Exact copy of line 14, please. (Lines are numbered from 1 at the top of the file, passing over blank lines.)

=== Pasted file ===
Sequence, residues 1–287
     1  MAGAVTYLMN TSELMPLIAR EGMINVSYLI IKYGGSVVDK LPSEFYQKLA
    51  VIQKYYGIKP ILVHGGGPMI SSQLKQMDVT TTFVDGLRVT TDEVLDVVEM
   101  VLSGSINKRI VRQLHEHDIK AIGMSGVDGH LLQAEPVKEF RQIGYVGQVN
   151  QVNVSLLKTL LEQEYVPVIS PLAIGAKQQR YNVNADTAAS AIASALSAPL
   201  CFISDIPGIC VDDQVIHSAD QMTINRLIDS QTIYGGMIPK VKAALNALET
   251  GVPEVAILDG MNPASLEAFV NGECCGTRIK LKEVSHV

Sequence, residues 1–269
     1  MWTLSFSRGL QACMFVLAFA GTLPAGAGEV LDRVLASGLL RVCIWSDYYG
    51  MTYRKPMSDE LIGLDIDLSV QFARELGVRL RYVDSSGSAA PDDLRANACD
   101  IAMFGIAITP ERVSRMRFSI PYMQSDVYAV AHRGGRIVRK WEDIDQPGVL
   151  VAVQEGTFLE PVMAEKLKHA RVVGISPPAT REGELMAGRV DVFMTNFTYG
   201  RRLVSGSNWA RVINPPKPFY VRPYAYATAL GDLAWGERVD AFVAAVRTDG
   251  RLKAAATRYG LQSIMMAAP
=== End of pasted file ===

   251  RLKAAATRYG LQSIMMAAP